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Europe's worst infection hotspot Madrid heads for lockdown

MADRID (Reuters) - Madrid will become the first European capital to go back into lockdown in coming days after the region’s leader reluctantly agreed on Thursday to obey a central government order to ban non-essential travel to and from the Spanish capital.

In order to fight a steep surge in COVID-19 cases, Madrid and nine nearby municipalities will see borders closed to outsiders for non-essential visits, with only travel for work, school, doctors’ visits or shopping allowed. A curfew for bars and restaurants moved to 11 p.m. from 1 a.m.

However, regional chief Isabel Diaz Aysuo said she will appeal against the lockdown in the courts, meaning the uncertainty and fierce political squabbling that has exasperated the residents of Madrid is far from over.

“We are victims of improvisation,” architect Jean-Pierre Moncardo complained, saying politicians had wasted time fighting each other instead of giving medics the funding they needed to fight the pandemic.

The Madrid region has 859 cases per 100,000 people, according to the World Health Organization, making it Europe’s worst COVID-19 hotspot. Spain already had one of the continent’s highest infection rates during the first wave of the pandemic.

Spain’s Socialist-led government - which puts cases in Madrid at 735 per 100,000 - decided late on Wednesday to impose a new lockdown on the city of more than 3 million people.

That infuriated the conservative-led regional government, which is worried about the impact on livelihoods in a city famous for its bars, restaurants and bustle of tourists in normal times.

FILE PHOTO: A National Police officer inspects documents of a woman wearing a protective face shield in a checkpoint outside the train station at the working-class neighbourhood of Orcasitas, which has been under partial lockdown, amid the coronavirus disease (COVID-19) outbreak in Madrid, Spain, September 30, 2020. REUTERS/Sergio Perez/File Photo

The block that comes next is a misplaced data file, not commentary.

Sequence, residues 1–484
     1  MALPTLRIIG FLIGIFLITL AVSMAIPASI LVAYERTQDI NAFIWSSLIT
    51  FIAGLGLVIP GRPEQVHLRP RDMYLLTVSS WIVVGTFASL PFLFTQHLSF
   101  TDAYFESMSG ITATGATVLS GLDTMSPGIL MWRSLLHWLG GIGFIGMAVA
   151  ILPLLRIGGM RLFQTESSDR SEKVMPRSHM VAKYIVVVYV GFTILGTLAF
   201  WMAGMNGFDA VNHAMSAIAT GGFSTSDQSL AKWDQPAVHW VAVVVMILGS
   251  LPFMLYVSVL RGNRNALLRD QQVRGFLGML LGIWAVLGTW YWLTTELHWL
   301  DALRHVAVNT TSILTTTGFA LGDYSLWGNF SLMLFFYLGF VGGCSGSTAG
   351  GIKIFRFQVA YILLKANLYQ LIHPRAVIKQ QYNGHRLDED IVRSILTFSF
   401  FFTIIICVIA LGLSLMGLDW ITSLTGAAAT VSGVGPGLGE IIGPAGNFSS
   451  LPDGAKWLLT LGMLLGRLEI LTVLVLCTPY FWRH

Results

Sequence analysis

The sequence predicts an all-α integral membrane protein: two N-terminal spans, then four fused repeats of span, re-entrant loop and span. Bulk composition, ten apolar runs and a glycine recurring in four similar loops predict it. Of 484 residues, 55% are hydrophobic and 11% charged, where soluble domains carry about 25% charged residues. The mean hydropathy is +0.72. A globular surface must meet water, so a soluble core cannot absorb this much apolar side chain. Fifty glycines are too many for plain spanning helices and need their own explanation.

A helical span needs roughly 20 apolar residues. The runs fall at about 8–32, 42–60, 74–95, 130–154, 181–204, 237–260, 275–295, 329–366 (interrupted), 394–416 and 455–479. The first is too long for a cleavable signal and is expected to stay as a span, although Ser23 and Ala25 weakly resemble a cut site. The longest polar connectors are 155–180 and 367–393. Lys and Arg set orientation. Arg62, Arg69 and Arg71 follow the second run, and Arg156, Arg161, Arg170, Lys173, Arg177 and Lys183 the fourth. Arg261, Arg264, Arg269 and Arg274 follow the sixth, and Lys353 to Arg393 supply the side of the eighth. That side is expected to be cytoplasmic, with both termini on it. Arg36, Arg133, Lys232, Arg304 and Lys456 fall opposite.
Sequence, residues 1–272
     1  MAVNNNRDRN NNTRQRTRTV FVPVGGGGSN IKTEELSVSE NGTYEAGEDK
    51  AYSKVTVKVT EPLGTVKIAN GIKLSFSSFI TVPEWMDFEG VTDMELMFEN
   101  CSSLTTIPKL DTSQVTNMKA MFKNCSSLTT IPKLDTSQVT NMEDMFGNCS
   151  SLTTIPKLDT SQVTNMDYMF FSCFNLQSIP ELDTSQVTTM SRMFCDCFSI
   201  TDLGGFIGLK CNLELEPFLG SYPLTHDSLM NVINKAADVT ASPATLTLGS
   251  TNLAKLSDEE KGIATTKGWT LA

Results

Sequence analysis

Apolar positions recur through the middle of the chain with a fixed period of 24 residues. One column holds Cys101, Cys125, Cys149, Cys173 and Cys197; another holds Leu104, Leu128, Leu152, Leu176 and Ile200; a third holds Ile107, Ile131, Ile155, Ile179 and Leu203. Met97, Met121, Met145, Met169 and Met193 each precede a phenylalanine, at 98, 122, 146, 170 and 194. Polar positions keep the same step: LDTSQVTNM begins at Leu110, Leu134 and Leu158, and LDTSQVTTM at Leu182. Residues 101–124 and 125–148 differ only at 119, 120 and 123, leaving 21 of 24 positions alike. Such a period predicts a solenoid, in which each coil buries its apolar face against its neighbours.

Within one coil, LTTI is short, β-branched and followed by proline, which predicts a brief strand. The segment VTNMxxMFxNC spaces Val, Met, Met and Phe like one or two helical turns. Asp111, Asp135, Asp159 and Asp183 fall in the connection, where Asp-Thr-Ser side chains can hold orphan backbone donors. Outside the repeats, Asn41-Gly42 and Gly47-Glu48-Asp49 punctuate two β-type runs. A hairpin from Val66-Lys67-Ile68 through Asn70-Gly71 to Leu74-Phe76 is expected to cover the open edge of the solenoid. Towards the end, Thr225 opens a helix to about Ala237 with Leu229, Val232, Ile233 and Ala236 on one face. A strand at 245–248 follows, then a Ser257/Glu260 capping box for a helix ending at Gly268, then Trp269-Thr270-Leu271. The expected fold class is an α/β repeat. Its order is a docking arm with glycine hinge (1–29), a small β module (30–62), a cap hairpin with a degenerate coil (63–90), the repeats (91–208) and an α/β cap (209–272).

Madrid region chief Diaz Ayuso told the regional assembly on Thursday she had no choice but to follow the lockdown - for now.

“This region is not in rebellion and will strictly comply with all the orders,” she said. “But yes, we will go to the courts ... to stand up for the rights of the Madrilenos.”


The government dropped a plan to shut parks and playgrounds, though local authorities could do that later.

Madrid’s COVID case load is double the national rate in Spain, which has recorded 769,188 cases - the highest in Western Europe - and 31,791 deaths.

The Madrid region has until Friday evening to publish final details of the lockdown, including the start date.

Its spat with central government has infuriated many.

“Playing politics with the health of citizens is the most despicable thing I have seen in my life,” said Luisa, a saleswoman, blaming right-wing politicians for prioritising profit, outside an underground transport station in Madrid.

The new curbs will apply to any municipality in Spain of at least 100,000 inhabitants with more than 500 cases per 100,000 people in the past 14 days, and with more than 10% positive cases in PCR tests and over 35% of ICU beds occupied by COVID patients.

Although Madrid will go back into lockdown, it won’t be as harsh as during the pandemic’s first wave, when people were confined to their homes for more than six weeks from mid-March.

Countries across Europe have introduced new restrictions in their busiest cities over the past days, including limiting how many people can be in a restaurant or making face masks compulsory in more place, to counter an increase in cases.

Reporting by Inti Landauro, Belén Carreño, Jose Elías Rodríguez, Marco Trujillo, Michael Gore, Miguel Gutierrez, Nathan Allen; Additional reporting by Padraic Halpin in Dublin; Writing by Ingrid Melander; Editing by Andrew Cawthorne and Alexandra Hudson